Champion Of Legal Aid To Hawaii’s Poor Announces Retirement
After a 50-year career in public interest law and advocacy, Hawaii Appleseed Center co-founder Victor Geminiani announced on Wednesday that he will step down as the agency’s longtime executive director.
Victor Geminiani announced Wednesday that he plans to retire, ending a half-century of legal aid and advocacy work on behalf of low-income Hawaii residents, most recently through his role as the co-founder and executive director of Hawaii Appleseed Center.
Geminiani will be succeeded by Gavin Thornton as Hawaii Appleseed Center’s executive director upon his retirement effective Aug. 31.
During his years with Hawaii Appleseed Center, Geminiani led the nonprofit, public interest law firm and policy organization through a series of victories, successfully petitioning a federal court to prohibit the state from canceling essential medical services to Micronesians residing in Hawaii, winning multimillion dollar settlements on behalf of tenants whose rents had been unfairly inflated and bringing lawsuits to compel the state to correct deplorable living conditions in some of Hawaii’s oldest and largest public housing projects.
Newspaper clippings document Geminiani’s career-long involvement in social causes.
PF Bentley/Civil Beat
In 2019, Geminiani led the revival of Lawyers for Equal Justice, establishing a litigation-focused project within Hawaii Appleseed Center and hiring Thomas Helper as the project’s litigation director.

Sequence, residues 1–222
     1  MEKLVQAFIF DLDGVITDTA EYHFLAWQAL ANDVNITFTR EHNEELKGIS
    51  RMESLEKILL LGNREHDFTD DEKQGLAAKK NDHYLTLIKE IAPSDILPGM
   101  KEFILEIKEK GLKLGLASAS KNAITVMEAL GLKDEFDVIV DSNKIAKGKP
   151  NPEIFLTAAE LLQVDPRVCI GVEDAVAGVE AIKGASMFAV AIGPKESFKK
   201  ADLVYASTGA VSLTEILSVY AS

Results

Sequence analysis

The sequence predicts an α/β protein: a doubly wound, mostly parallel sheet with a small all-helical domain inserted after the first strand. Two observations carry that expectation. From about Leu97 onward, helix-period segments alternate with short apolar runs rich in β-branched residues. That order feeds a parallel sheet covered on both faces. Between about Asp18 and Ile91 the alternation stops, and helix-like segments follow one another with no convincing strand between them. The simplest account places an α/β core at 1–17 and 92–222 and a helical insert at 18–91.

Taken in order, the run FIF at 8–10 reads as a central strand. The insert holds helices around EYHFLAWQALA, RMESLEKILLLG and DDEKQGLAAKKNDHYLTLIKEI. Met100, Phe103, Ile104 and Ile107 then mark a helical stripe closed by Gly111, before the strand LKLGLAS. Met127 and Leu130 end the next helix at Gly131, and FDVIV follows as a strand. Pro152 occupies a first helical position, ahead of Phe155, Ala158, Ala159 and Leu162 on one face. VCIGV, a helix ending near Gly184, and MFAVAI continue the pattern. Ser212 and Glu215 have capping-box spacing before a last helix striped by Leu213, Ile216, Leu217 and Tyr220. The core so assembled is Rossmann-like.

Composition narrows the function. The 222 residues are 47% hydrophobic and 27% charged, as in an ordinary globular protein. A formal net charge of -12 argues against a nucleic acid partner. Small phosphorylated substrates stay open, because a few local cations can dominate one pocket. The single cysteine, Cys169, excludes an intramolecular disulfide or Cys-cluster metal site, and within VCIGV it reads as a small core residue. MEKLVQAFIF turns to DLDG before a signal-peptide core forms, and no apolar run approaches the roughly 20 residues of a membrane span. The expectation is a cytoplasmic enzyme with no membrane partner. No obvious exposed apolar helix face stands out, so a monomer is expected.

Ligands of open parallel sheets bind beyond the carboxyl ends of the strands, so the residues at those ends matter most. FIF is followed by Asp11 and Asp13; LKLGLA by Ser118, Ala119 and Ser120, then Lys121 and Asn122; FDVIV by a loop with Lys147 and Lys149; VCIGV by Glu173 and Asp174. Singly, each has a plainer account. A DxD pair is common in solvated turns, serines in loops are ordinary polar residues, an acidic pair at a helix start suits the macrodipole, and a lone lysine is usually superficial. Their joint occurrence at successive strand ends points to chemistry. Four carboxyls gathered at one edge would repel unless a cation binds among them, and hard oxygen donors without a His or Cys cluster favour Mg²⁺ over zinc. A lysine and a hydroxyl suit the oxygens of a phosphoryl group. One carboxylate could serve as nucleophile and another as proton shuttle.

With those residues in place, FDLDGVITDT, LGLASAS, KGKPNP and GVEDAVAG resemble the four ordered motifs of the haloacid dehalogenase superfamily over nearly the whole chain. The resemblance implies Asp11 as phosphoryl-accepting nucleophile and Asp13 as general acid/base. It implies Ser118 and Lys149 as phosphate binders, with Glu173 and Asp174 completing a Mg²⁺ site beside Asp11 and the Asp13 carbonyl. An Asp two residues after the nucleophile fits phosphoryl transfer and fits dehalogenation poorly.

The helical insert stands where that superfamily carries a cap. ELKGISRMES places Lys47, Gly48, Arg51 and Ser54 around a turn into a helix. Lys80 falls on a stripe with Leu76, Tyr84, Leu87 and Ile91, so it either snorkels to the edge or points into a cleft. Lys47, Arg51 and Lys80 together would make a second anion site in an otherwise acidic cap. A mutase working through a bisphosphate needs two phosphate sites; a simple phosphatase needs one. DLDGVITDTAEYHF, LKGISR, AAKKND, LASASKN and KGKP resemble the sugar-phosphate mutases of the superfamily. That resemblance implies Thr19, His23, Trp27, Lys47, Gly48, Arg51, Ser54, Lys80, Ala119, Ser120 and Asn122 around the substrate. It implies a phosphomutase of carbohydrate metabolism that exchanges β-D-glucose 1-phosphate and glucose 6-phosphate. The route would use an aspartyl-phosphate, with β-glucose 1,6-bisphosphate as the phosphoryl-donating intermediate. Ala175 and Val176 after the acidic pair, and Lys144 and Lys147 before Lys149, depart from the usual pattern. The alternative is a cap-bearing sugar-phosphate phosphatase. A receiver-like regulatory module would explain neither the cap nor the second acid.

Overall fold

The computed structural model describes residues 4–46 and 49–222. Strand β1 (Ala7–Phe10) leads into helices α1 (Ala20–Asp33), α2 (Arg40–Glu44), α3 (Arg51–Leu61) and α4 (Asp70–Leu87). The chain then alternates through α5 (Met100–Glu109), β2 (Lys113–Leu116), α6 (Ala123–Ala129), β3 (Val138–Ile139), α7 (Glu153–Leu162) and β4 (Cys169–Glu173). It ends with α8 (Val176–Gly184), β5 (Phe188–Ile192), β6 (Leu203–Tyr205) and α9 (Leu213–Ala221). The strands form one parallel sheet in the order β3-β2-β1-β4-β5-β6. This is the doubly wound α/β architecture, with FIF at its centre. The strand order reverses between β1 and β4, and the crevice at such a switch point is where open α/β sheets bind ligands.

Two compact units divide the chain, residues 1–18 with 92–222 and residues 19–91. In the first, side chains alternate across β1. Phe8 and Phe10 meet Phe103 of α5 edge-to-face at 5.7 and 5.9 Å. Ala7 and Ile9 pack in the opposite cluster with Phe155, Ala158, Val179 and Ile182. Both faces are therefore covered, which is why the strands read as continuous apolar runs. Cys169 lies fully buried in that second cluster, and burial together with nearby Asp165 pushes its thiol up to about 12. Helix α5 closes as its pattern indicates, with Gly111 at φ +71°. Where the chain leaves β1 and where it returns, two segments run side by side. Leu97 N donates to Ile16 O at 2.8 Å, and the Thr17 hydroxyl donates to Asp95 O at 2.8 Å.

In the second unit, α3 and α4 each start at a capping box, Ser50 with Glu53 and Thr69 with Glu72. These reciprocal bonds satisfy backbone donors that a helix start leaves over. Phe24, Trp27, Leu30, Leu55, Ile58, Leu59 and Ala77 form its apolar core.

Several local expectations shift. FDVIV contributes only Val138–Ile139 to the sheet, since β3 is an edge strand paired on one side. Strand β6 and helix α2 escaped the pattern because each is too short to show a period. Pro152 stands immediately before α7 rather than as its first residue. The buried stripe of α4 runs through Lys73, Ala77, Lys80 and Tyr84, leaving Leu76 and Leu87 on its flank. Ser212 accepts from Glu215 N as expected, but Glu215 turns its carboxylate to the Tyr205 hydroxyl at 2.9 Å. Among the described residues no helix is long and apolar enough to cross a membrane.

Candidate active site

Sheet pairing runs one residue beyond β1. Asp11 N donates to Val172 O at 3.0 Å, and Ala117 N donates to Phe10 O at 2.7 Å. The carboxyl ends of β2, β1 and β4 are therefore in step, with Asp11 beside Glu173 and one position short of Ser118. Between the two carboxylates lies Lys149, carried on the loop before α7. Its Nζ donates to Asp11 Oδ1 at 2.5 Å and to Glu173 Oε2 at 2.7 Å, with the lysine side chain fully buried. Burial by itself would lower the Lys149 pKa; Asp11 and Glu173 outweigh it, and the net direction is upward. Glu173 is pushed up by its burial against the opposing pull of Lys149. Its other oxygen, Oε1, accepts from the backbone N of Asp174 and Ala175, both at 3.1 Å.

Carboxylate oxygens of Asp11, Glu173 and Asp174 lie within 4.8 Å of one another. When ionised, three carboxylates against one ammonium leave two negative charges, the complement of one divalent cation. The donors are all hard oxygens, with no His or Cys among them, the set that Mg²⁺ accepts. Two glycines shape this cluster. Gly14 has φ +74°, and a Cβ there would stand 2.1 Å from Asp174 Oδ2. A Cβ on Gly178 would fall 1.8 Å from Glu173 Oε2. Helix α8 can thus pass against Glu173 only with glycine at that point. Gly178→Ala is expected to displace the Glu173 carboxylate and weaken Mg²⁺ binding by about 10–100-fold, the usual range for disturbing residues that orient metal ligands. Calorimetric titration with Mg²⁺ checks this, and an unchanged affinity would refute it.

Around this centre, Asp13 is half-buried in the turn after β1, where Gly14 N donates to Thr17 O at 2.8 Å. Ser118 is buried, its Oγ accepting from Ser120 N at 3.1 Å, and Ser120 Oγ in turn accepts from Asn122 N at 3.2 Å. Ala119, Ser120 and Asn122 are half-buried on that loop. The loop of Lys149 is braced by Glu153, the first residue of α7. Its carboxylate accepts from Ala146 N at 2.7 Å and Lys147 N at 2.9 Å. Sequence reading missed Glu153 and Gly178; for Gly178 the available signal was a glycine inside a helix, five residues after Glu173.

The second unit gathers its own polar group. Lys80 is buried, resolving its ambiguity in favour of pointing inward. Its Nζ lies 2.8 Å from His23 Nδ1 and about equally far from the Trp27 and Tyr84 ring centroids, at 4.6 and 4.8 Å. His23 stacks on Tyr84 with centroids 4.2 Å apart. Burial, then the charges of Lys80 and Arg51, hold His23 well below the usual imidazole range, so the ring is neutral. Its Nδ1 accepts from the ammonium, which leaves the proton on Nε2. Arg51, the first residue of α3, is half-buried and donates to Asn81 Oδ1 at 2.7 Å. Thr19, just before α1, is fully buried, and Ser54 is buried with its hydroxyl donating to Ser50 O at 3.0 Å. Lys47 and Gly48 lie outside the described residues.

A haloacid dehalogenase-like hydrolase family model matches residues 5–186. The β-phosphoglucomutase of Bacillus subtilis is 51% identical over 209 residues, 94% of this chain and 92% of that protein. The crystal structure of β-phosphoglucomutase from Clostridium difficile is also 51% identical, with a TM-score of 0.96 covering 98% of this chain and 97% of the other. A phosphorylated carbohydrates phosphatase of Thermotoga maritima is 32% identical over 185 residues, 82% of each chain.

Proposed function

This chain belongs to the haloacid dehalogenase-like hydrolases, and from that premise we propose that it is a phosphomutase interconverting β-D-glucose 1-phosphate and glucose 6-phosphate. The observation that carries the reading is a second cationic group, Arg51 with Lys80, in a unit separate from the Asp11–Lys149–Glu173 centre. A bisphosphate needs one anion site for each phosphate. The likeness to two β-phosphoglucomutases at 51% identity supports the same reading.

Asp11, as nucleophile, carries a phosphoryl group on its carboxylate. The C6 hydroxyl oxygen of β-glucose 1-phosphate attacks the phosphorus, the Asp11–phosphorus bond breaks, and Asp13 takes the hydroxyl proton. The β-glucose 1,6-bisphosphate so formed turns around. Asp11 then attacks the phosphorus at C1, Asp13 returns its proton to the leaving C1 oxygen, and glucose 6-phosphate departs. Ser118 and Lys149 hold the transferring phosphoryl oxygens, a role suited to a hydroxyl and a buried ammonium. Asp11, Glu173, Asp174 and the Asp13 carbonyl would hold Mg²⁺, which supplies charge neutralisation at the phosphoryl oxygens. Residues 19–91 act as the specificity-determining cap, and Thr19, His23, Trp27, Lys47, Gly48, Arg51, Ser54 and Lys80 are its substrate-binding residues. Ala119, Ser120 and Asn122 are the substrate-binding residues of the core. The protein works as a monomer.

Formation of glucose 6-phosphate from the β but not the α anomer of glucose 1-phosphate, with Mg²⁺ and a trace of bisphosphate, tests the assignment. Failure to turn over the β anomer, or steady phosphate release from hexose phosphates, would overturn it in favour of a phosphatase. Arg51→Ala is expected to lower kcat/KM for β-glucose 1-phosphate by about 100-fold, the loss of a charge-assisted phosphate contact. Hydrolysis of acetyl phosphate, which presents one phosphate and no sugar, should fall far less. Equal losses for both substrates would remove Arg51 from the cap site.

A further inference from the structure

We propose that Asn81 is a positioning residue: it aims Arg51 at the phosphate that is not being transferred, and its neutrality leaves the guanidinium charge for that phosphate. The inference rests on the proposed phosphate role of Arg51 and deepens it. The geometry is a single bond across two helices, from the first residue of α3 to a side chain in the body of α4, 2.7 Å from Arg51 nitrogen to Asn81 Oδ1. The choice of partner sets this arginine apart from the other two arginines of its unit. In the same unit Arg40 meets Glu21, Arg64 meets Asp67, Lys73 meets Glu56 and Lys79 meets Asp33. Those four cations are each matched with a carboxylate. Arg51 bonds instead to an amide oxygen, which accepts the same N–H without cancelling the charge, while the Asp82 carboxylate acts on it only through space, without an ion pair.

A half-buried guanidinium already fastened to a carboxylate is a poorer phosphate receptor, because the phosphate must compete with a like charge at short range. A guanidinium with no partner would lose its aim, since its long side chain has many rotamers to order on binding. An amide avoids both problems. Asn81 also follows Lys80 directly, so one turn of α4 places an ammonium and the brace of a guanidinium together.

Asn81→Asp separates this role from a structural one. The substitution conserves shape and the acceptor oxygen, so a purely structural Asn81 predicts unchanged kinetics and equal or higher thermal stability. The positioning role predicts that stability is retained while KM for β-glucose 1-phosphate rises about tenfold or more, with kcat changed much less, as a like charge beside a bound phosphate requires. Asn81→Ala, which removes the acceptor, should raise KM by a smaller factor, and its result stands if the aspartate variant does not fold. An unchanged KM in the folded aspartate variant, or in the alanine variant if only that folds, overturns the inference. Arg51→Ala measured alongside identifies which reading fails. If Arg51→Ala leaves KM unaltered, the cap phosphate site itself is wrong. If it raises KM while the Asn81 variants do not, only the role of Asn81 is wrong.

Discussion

“I was fortunate early in my career to find a meaningful way to use my law degree to support my passion for fair treatment and equality of opportunity for all along with freedom to exercise your rights to access some part of the American Dream,” Geminiani said in a prepared statement. “I have been especially fortunate to have worked together with so many special people to help make a difference in this place we all love.”
Stay Up To Date On The Coronavirus And Other Hawaii Issues
Support local journalism
Studies have shown that when local journalism disappears, government financing costs go up, fewer people run for public office, elected officials become less responsive to their constituents, and voter turnout decreases. Our small nonprofit newsroom works hard every day to present local news in a deep and transparent way, without fear or favor. We also rely on donations from readers like you to keep us afloat. The more support we receive; the stronger, more sustainable our journalism becomes; the more accountable we are to you. Please consider supporting our Honolulu Civil Beat with a tax-deductible gift.